Volvo Cars is expecting half of its sales to be fully-electric cars by the middle of the next decade, with one-third of all cars to be autonomous driving cars.
The expectation is outlined as part of new financial and operational ambitions that will position the company as a leading player in the global automotive business.
It also expects half of all cars it offers to customers to be through its subscription service.
Hakan Samuelsson, president and chief executive of Volvo Cars, said: “Our customers’ expectations are changing rapidly. This means that Volvo Cars is also changing rapidly.
“These initiatives will help transform Volvo from being purely a car company to being a direct consumer services provider.”
Volvo Cars aims to build more than five million direct consumer relationships by the middle of the next decade, creating new sources of recurring revenue.
This will also offer the company far greater potential to develop connected and other services for customers.
On the financial side, Volvo Cars aims to generate premium-level profitability in line with other premium car makers, driven by increased sales and revenues across all three global sales regions, and a broader range of cars, including sales to the new segment of autonomous ride-hailing companies.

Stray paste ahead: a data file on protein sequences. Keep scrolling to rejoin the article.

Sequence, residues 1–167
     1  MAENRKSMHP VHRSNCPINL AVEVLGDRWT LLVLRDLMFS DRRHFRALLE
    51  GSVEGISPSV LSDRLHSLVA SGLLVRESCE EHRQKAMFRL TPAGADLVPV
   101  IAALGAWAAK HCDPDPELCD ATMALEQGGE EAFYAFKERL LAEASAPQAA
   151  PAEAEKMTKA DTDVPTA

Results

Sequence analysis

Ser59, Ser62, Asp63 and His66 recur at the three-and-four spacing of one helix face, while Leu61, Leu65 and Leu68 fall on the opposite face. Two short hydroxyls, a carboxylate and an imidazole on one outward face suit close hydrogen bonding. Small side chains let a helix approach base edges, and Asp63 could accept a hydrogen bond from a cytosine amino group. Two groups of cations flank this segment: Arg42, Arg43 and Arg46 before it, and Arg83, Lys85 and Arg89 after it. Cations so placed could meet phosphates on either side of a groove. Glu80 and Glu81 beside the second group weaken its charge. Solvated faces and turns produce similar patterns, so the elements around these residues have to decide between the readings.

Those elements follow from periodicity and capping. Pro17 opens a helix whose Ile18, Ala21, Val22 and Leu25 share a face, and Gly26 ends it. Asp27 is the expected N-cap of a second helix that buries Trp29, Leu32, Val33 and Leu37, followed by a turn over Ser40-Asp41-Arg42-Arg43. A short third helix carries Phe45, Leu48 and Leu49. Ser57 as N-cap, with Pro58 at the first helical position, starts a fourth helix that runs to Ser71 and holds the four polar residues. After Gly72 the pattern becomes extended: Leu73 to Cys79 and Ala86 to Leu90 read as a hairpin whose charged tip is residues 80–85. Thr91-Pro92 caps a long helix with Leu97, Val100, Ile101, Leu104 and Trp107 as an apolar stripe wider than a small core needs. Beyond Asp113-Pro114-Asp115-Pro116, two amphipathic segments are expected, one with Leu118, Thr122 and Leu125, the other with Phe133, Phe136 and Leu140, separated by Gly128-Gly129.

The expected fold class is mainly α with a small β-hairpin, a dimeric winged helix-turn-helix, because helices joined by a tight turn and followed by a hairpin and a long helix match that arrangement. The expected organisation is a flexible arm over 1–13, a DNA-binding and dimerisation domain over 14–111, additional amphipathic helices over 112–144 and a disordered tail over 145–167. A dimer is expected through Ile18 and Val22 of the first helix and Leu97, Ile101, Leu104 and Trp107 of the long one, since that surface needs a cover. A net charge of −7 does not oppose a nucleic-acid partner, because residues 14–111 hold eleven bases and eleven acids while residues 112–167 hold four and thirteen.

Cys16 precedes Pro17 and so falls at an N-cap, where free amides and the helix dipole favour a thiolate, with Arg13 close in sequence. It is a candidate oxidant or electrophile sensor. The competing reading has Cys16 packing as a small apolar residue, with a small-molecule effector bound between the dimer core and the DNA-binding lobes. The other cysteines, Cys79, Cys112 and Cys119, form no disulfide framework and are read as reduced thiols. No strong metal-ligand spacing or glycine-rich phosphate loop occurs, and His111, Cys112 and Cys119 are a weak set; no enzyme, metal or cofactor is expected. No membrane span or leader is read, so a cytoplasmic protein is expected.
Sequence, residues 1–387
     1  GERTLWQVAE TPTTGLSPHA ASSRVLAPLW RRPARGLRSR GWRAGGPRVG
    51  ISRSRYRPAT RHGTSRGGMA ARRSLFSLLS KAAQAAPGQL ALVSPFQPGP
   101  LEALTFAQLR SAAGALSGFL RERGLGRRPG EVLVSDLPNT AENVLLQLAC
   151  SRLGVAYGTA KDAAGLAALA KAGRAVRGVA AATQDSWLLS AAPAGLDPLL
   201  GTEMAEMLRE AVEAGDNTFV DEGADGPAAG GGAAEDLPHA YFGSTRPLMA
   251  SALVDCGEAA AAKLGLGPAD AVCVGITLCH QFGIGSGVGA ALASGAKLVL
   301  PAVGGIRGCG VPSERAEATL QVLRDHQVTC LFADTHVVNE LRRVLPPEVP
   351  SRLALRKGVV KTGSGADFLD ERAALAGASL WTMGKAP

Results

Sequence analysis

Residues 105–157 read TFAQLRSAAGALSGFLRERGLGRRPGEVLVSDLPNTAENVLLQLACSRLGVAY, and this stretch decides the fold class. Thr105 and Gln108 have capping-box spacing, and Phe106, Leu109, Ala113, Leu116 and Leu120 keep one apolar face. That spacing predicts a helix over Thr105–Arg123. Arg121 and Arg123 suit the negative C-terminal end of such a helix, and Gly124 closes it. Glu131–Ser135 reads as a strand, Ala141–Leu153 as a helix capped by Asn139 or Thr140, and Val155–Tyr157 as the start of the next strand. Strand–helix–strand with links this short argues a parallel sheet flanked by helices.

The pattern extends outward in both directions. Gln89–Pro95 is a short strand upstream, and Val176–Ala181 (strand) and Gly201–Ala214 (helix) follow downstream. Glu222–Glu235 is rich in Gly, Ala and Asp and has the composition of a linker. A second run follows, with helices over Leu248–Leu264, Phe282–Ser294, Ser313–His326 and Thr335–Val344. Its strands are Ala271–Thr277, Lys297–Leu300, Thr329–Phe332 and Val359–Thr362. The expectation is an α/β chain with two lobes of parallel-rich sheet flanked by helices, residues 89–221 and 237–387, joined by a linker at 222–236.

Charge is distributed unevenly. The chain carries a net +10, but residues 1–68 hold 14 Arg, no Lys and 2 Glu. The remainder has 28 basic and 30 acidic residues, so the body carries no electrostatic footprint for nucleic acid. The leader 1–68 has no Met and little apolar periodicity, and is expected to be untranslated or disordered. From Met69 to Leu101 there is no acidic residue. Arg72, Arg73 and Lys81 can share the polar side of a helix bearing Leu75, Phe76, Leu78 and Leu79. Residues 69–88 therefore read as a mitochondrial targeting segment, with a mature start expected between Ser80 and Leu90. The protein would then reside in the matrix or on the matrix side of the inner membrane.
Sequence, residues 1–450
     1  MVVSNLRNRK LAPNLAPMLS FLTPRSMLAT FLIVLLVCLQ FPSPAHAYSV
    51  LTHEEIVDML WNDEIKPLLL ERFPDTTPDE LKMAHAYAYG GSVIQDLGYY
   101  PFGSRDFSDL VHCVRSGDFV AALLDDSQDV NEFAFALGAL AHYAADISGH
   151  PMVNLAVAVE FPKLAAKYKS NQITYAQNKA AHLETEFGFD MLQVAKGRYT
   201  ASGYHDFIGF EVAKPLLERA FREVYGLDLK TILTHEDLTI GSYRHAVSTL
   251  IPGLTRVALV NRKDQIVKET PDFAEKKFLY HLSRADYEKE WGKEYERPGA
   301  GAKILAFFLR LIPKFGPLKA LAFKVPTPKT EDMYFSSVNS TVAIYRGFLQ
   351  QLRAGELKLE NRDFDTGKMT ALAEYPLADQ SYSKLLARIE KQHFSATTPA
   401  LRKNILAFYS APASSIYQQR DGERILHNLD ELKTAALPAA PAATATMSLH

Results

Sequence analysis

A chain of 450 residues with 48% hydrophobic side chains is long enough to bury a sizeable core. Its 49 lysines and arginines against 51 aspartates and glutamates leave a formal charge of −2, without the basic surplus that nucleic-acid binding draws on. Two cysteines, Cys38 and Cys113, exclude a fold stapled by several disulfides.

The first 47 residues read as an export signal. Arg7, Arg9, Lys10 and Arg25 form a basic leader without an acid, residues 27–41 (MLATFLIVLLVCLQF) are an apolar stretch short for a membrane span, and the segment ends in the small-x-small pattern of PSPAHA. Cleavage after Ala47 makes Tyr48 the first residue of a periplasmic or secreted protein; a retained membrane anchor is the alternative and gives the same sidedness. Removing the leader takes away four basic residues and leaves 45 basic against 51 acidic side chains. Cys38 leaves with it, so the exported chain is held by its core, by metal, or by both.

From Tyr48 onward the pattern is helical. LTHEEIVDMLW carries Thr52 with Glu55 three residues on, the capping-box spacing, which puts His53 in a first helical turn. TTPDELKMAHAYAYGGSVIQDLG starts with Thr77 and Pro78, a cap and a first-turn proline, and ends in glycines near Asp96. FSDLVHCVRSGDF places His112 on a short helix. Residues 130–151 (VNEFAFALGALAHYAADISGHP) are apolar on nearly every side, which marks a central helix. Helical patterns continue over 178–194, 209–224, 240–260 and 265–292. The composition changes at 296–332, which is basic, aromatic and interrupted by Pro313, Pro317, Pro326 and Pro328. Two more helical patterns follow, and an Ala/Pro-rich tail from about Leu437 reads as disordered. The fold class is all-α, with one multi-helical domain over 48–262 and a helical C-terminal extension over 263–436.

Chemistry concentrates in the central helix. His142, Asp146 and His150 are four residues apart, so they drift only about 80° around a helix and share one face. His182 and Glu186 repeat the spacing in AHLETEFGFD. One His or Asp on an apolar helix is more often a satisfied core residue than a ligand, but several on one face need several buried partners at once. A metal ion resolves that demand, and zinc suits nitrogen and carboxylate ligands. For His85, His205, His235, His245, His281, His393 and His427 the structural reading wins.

The company’s improved financial performance will also be driven increasingly in the future by industrial synergies generated with its affiliated partner companies.
Volvo Cars expects to benefit from lower procurement costs, shared development costs and economies of scale alongside Polestar, its premium performance electric car brand, and Lynk & Co, the new global car brand in which Volvo Cars owns a 30% stake.
- Volvo Cars will move away from exhibiting and launching vehicles at traditional events such as motor shows and focus more on bespoke events.
The company’s most recent new-car launches revealed the XC40 compact SUV at the 2017 Milan Fashion Week and unveiled the new V60 premium mid-size estate in the driveway of a suburban home in Stockholm.
Later this month, Volvo Cars will also launch its new S60 sports saloon at the inauguration of the company’s first US manufacturing plant, in Charleston, South Carolina.
As part of the company’s strategy to target a new mix of audiences and develop its own events, Volvo Cars has decided it will not attend the Geneva Motor Show in 2019.
Björn Annwall, senior vice-president of strategy, brand and retail at Volvo Cars, said: “The ongoing change in the car industry is creating new audiences for Volvo Cars and new ways of bringing products to the market.
“Automatic attendance at traditional industry events is no longer viable – we must tailor our communications based on how the options complement our messaging, timing and the nature of the technology we are presenting.”